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I am trying to find square integer values for

$k = a^3-b^2$ and $\gcd(a,b) = 1$

i.e. the values of and b for which k is a perfect square.

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So you want $k=m^2=\sqrt{a^3-b^3}$, that is $m^4=a^3-b^3$? –  Ross Millikan Dec 18 '12 at 20:30
    
Sorry, i edited the question. –  fosho Dec 18 '12 at 20:30
    
b is squared not cubed, sorry about that. –  fosho Dec 18 '12 at 20:33
    
This problem can be thought of in terms of integral points on elliptic curves. This article by Keith Conrad covers some examples (in particular k=4). –  Thom Tyrrell Dec 18 '12 at 20:43
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So you're looking for $a^3=b^2+c^2$? I know I've seen this before. I just need to remember how to derive it... –  Mike Dec 18 '12 at 20:45
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2 Answers 2

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If $a$ is such that its prime divisors congruent to $3$ módulo $4$ appear with an even exponent, then the same is true of $a^3$. Fermat's theorem on sums of two squares implies that $a^3$ is the sum of two squares.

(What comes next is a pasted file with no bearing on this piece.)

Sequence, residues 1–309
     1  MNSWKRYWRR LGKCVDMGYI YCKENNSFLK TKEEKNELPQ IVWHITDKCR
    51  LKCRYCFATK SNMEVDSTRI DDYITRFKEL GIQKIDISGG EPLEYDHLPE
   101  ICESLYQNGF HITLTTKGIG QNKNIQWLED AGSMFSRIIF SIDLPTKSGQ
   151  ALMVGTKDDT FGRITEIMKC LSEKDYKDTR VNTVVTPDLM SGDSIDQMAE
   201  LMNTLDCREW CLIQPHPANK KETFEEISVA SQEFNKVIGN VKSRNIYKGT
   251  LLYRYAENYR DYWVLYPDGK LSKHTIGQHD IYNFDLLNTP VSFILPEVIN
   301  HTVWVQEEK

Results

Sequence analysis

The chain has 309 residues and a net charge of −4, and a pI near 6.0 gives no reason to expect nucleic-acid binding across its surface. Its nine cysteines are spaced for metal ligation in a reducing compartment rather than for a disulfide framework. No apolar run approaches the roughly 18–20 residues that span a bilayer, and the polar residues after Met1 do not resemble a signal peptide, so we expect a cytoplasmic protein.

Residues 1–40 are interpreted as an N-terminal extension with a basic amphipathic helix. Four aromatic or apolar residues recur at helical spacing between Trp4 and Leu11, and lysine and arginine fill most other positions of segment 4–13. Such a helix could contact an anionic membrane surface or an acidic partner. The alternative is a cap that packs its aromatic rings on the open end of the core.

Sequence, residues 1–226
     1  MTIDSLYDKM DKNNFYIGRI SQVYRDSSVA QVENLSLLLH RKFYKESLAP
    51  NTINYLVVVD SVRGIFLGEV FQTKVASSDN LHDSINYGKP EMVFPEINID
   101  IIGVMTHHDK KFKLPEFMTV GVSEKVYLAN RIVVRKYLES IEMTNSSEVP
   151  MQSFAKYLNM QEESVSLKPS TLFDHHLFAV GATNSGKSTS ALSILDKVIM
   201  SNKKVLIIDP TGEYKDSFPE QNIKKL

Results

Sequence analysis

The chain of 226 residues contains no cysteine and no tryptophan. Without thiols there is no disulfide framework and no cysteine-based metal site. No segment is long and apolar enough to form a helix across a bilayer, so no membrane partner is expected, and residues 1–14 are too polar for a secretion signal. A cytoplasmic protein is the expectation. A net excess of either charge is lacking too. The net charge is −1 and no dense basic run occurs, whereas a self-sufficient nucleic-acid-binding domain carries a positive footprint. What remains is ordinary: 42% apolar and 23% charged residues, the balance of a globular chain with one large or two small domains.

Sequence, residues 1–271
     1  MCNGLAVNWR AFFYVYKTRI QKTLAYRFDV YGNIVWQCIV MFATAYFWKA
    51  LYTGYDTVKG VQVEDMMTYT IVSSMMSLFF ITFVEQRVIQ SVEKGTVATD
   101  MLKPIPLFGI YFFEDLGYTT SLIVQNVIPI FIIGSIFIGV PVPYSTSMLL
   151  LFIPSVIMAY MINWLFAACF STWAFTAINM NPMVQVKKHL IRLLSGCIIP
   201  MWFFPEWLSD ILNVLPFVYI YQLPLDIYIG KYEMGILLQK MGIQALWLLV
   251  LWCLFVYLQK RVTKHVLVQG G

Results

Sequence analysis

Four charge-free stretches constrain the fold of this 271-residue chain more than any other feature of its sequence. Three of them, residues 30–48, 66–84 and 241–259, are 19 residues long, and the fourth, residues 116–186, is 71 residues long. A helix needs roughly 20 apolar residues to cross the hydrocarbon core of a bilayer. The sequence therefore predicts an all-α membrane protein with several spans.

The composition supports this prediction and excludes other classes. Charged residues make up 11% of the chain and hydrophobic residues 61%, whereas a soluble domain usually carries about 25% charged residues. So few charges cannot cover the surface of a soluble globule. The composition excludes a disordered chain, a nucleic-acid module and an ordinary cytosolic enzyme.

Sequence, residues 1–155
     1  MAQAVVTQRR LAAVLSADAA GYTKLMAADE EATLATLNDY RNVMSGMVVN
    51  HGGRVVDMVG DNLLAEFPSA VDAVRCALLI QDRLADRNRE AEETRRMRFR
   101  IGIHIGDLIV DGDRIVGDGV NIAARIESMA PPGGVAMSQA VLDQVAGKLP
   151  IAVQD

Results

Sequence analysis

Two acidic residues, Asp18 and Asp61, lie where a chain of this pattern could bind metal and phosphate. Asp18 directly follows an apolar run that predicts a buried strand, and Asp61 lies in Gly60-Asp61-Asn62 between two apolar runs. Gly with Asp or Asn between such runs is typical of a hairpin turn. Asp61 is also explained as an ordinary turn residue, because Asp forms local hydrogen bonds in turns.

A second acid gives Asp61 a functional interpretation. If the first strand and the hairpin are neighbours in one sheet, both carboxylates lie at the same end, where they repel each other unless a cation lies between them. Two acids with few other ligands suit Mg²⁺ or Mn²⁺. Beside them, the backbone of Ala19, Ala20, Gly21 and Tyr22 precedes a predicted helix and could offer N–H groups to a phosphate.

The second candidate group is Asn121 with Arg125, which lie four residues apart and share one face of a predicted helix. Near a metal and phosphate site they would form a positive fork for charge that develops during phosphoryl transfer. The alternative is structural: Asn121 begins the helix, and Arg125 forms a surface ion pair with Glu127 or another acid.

Edit.

The above answer does not take into account the requirement $\gcd(a,b)=1$. Let $a=p$ be a prime such that $$p\equiv1\mod 4.$$ The $p$ can be written in a unique way as $$ p=b^2+c^2,\quad b,c\in\mathbb{N},\quad b\,c\ne0. $$ The formula for the number of representations of an integer as a sum of two squares shows that $p^3$ can be written as a sum of two squares in two different ways. One of them is $$ p^3=(b\,p)^2+(c\,p)^2. $$ Let the other one be $p^3=d^2+e^2$. Then we must have $\gcd(p,d)=\gcd(p,e)=1$. For instance $$\begin{align*} 5^3&=2^2+11^2\\ 13^3&=9^2+46^2\\ 17^3&=47^2+52^2 \end{align*}$$

A similar analysis can be carried out for other integers $a$.

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All right, I think I remember how to derive this. First, you'll want the formula for Pythagorean triples

$$(m^2-n^2)^2+(2mn)^2=(m^2+n^2)^2$$

Now multiply both sides by $m^2+n^2$.

$$(m^2+n^2)^3=(m^2+n^2)[(m^2-n^2)^2+(2mn)^2]$$

Finally, from here, you'll want to use Brahmagupta's Identity

$$(a^2+b^2)(c^2+d^2)=(ac+bd)^2+(ad-bc)^2=(ac-bd)^2+(ad+bc)^2$$

to yield equations in the proper form with $a=m^2+n^2$.

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